We often talk about the importance of a website acting as your church’s front door. It’s a way to make a good first impression about who you are and what you believe. That idea was recently reinforced as I was reading a Banner article that was a first-hand account of what it was like for someone moving to a new area and trying to find a church. The author wrote:
Itʼs disheartening that in this day and age some churches still do not realize the importance of their website. We visited every church online before setting foot inside the building, and for a number of churches, that online visit was the only visit we made.
We immediately noticed that we felt much more comfortable on our first visit to churches whose online representation was consistent with their in-person reality. Simply maintaining a website that was consistent with the look and feel of the actual church helped make it feel more familiar to us.
When I read that, one key question comes to mind: Is your website a barrier for people? Website barriers can come in many varieties, but here are some that are quite common.
- The website doesn’t feel like your church. Your church building feels a certain way. People have an impression of what kind of congregation you are based on everything they take in when they walk into your building. Yet often, church website don’t replicate that feel. A church that has a warm, coffeehouse feel shouldn’t have a cold, sterile website. A contemporary church shouldn’t have a site that looks 10 years old. Do your best to represent the feel of your church online.
- Lack of relevant information. First, put yourself in the place of a visitor. What questions do they have when they come to your website? They could range from What is the worship style like? to What should I do with my kids?. Do you have answers for them? If not, they’re probably off to the next church website in the Google search results. Now think like a member. What do they need from your site? Maybe they’re looking for more information about an event that was mentioned during the service. If they can’t find it, the website isn’t serving them well and they might lose out on becoming a more involved member of the church. It’s not only about relevant content, but content that is timely, too.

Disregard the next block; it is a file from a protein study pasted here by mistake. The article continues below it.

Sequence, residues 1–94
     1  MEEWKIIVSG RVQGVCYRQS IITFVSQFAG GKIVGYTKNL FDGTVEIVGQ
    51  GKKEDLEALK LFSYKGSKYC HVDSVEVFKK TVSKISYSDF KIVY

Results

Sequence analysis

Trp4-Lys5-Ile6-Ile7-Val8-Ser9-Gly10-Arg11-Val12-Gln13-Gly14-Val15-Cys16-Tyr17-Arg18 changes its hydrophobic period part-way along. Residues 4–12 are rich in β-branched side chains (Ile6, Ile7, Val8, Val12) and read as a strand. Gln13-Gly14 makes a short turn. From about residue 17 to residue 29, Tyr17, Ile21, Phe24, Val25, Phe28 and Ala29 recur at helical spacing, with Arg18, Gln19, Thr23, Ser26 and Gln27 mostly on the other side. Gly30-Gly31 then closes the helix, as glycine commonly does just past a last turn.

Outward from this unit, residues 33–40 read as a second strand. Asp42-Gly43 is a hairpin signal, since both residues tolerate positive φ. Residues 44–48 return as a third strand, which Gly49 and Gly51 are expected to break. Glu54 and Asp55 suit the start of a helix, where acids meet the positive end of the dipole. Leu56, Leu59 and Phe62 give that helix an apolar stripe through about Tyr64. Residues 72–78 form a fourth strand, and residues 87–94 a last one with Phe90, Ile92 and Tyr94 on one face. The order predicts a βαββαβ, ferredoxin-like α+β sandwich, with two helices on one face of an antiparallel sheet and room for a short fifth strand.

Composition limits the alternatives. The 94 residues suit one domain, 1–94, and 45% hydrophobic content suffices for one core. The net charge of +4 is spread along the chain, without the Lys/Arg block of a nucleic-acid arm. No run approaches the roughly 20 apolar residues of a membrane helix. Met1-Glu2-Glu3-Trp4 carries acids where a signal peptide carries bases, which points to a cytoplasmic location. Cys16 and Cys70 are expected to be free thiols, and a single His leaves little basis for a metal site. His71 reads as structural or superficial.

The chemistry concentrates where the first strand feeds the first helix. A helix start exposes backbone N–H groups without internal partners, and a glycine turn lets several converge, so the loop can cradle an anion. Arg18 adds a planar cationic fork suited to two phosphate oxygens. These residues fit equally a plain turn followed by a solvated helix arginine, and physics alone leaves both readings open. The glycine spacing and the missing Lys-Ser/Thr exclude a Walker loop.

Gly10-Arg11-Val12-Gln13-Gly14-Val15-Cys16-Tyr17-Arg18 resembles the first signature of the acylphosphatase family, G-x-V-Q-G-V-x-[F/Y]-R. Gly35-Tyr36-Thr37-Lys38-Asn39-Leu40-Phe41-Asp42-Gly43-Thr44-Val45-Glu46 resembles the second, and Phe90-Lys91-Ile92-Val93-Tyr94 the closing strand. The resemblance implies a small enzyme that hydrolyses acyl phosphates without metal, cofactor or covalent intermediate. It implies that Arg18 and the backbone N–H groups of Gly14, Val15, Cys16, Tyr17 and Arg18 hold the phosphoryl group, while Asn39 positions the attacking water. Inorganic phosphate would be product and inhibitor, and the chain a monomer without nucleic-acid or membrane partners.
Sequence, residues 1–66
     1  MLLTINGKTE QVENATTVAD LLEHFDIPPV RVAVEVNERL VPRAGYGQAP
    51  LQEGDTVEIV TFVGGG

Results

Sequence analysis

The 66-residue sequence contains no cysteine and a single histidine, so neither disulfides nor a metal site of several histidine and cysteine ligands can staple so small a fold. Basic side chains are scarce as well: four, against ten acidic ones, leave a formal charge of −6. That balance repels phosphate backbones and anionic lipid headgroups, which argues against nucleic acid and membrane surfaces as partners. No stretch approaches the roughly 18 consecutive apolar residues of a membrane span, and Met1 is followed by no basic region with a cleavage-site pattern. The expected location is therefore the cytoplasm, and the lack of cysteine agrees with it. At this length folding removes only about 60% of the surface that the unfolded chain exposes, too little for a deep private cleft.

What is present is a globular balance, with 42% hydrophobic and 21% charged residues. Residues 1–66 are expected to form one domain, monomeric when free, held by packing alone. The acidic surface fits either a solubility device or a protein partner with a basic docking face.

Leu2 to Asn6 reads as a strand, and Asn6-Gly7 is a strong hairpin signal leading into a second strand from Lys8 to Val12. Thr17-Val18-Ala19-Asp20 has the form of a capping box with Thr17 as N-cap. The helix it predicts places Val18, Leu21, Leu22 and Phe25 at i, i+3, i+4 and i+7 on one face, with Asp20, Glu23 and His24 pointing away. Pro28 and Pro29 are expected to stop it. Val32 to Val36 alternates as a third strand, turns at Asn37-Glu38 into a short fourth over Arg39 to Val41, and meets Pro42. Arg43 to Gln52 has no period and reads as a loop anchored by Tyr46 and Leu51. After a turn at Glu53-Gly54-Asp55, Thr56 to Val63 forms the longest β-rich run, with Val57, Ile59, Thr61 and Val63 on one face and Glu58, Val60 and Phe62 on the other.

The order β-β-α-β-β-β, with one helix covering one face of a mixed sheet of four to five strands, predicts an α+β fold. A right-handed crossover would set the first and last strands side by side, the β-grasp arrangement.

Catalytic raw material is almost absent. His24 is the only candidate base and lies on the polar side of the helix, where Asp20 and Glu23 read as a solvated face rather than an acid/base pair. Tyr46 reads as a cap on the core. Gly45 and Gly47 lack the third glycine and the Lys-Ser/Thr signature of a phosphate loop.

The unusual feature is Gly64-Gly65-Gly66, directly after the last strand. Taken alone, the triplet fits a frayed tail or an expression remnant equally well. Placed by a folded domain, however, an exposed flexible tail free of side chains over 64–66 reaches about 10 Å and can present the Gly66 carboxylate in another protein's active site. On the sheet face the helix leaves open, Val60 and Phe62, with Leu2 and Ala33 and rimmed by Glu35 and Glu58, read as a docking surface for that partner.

- Out of date style. Does your website look like it’s stuck in the 1990’s? Ten years ago, if you had a website, you were cool. Those days are long gone. Now style means something. A dated website sends a message that you are behind the times. This doesn’t mean you have to always be chasing trends, but it does mean you need to understand shifts in web design. Clean and simple never go out of style. Neither does well thought-out navigation. Little things can make a difference. Across the web, pictures are getting more real-estate space. Simply adding more pictures of your church in action will give your site a much different feel.
- Technical dysfunction. Nothing is more frustrating than a website that doesn’t work. Broken links, missing pictures or error message show a user that a site isn’t maintained and therefore isn’t a priority. Sites that don’t work on mobile devises fit in this category, too. Half of Americans have a smartphone. Can they get the information they need from your website if they’re mobile?
- Incomplete story. We can be good about saying what we offer as churches, but we’re not always so good at telling the personal stories of how lives are being changed because of those things. Personal stories are always more impactful than a list of facts. Another way websites don’t tell a complete story is when some sections of the site are updated and others aren’t. Just because your men’s ministry is awesome at updating their section doesn’t mean they’re more important than your youth ministry who’s section on the site may not have as much information. Find consistency across your site so your priorities are clear and you’re telling the story of everything your church is doing.
As communicators, our key responsibly is removing barriers that keep people from getting the information they need. When we don’t think about the end user’s needs, we are building barriers. When we just ignore the problems, we’re making the barriers taller.